The Magic Kingdom of Syria
Here’s a fun idea for Syria: Disneyland. Just because your government has oppressed you for generations and your country is in the midst of a full-scale civil war and your house is on fire right now doesn’t mean you don’t want to have dumb photos taken with Mickey and Goofy before you get soaked on Splash Mountain, right?
Like me, Syrian businessman Tarif al-Akhras thought erecting Cinderella’s Castle in his country was a no-brainer, which is why in July 2010 his company signed an agreement with the French firm LOFTUS to build Disney Syria inside TransMall, a massive shopping center in the city of Homs. They might have been onto something, but we’ll never know, since eight months later anti-Assad protests kicked off in Daraa, and the site that was planned to house the Happiest Place on Earth is now a major battleground in the brutal war.
Very few details about the project can be found online, but I did discover that the estimated cost of establishing Disney Syria was only $22 million, which is teeny-tiny compared with the $400 million it took to construct Disney World’s Magic Kingdom in Orlando back in 1971. To me, this means that everything about Disney Syria would theoretically be very hilarious. It would probably look like a living, breathing issue of Adbusters—especially with all of the heavy street fighting going on around and possibly within it!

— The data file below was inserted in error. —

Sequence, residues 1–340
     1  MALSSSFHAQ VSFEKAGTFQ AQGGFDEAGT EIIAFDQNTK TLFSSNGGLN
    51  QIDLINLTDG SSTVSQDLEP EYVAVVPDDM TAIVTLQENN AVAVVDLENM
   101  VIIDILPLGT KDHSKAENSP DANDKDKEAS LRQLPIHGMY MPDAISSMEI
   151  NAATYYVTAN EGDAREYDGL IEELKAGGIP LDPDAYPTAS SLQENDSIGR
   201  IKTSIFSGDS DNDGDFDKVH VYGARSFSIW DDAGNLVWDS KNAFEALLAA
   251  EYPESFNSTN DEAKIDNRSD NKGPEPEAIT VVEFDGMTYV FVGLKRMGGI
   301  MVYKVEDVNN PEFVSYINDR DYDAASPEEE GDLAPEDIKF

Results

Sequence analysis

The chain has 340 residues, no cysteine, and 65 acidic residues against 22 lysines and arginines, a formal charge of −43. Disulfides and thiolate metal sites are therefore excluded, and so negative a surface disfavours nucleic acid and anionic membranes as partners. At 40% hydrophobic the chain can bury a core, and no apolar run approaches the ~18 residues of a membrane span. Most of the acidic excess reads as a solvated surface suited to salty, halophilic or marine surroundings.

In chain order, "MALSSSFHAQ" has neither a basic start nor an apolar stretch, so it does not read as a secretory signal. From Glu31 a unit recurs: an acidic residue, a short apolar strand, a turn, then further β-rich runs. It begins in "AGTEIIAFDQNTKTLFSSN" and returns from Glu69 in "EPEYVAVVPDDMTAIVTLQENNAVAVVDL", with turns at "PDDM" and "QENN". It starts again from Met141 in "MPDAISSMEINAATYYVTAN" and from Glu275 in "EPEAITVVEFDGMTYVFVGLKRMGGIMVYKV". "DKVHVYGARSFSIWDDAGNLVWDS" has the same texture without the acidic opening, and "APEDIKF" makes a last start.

Since May 2011, rebel forces in Homs have been at war with the Syrian Army, with more than 6,700 casualties reported thus far. In a short time, the city has transformed from a bustling, sunny tourist destination into a smoky desert of rubble. But I don’t see any reason for Disney Syria’s backers to not move forward with their plans. If anything, the country could really use all the positive symbolism and reinforcement it can get—“Dreams really do come true!” etc.
I was so excited about the potential of riding It’s a Small World in the middle of a war zone that I called Disney’s corporate office to ask when we can expect to see some Pixie Dust—and not just Murder Dust—sprinkled over Homs. The American lady I spoke with told me that she wasn’t sure about the time line for the project plans, and suggested that if I was interested in getting a job at the nonexistent Disney Syria I could visit their careers webpage and apply. OK! (Whoops, it doesn’t exist.)
Maybe after all of the fighting is over, Disney should completely demolish their theme parks around the world and leave us with only Disney Syria as a testament to the thousands of children who have already been murdered in the most atrocious ways possible in this complex conflict.
For an overview of the issues that have fueled the conflict in Syria, we recommend reading "Road to Ruin," our condensed timeline of Syrian history, and "The VICE Guide to Syria," a crash course on the country's geopolitical, cultural, and religious complexities.
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